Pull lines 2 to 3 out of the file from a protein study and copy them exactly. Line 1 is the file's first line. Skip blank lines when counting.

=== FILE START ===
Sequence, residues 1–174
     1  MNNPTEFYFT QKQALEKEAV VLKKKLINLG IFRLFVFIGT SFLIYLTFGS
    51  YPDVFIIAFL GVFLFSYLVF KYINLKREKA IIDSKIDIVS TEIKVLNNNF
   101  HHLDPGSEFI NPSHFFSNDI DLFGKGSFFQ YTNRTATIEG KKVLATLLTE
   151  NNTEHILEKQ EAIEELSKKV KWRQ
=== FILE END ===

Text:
     1  MNNPTEFYFT QKQALEKEAV VLKKKLINLG IFRLFVFIGT SFLIYLTFGS
    51  YPDVFIIAFL GVFLFSYLVF KYINLKREKA IIDSKIDIVS TEIKVLNNNF